Funnily enough, now I know precisely what happens at the end, I feel I can read the book again in the future in a much more 'liberated' way.  I do intend to, as even when struggling, I absolutely loved Eliot's writing.  Whilst she does on occasions go off on a typically Victorian philosophical ramble (Middlemarch is peppered with these!), her writing is otherwise a model of clarity and descriptive precision.  Her characters are some of the most vividly drawn and real to life that I have enjoyed, and they are thoroughly human in their contradictions and foibles.  One chapter in particular, when we see a completely different side to Mrs Glegg, after all that had gone before, summed up for me perfectly the strength of Eliot's understanding of  human character.  Equally so, when she writes about people as a mass - the chapter where Mr Kenn struggles against the tide of St Ogg's opinion is absolutely spot on.

 

I find it really hard to give The Mill on the Floss a rating.  I know that I have read a genuinely great book: whilst I can't say, at least on a first reading, that I truly enjoyed it, I don't think it an exaggeration to say that I feel as if I've undergone one of my strongest reading experiences for some time.  One part of me wants to say 3*, but I really do feel that would be a disservice.  On the other hand, I don't yet feel ready to rate it at 5* or 6*.  4* is a compromise, but still doesn't feel worthy enough.  Hmmmm.  Well, for the moment, call it 4*, and put a fifth in brackets.  When I come back to it, who knows? but I'll certainly need plenty of time as this is not a book that lends itself to a quick or superficial read, rather the complete opposite; it pays to really take this one steadily and chew it over.  There is much to think about and much to absorb.  Aside from its length, it would be a brilliant book for a reading group, but even better to study in depth.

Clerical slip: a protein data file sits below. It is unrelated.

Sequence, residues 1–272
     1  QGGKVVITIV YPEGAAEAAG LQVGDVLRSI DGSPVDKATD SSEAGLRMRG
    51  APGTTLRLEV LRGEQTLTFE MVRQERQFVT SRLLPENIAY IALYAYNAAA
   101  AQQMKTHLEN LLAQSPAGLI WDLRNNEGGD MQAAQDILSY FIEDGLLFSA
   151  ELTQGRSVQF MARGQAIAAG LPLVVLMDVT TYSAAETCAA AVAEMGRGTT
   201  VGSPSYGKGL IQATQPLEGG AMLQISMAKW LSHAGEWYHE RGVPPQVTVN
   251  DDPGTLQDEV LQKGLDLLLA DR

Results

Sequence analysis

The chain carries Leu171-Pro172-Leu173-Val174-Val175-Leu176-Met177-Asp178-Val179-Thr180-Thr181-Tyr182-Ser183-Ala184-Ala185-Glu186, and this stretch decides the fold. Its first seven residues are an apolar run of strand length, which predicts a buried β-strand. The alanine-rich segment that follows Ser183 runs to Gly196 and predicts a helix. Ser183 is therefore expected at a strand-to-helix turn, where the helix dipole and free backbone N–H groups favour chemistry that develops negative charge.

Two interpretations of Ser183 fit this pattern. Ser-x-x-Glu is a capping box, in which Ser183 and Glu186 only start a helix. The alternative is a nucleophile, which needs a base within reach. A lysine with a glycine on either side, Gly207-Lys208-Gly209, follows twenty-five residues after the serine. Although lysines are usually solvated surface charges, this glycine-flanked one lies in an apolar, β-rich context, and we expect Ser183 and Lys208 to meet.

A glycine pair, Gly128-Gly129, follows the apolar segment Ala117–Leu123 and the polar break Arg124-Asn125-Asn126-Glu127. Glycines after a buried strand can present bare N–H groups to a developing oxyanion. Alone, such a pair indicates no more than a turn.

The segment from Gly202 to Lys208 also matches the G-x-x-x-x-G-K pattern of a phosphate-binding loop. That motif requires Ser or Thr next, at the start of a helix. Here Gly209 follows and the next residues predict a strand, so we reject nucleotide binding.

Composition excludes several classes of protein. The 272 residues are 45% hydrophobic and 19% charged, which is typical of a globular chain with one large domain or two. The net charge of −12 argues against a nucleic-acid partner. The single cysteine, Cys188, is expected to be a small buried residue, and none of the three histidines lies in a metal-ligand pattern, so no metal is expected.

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It's interesting to read your review and our shared experience of reading this book.  I had wondered if listening to the audiobook had coloured my view, in that children's voices (even an adult narrating them) can become tiring to listen to for such a long period, and I thought this might have made the first half seem longer and more challenging to engage with, but you seem to have come to the same conclusion through reading the book too.

 

I still don't think I'll read it again but I will, at some point, read more Eliot, so it definitely wasn't one that would put me off her books.

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7 hours ago, chesilbeach said:

It's interesting to read your review and our shared experience of reading this book.  I had wondered if listening to the audiobook had coloured my view, in that children's voices (even an adult narrating them) can become tiring to listen to for such a long period, and I thought this might have made the first half seem longer and more challenging to engage with, but you seem to have come to the same conclusion through reading the book too.

 

I still don't think I'll read it again but I will, at some point, read more Eliot, so it definitely wasn't one that would put me off her books.

 

Having to listen to children's voices all day long (I'm a primary teacher, although finishing classroom teaching for good in a few weeks time), I can only concur that they are incredibly tiring to have to listen to over any length of time!

I'll be reading other Eliot before going back to The Mill on the Floss, so it'll probably be a while before I give it another go, but I just feel that by only reading in short bursts to start with (not intended, but that's how it happened) I really didn't do the book justice.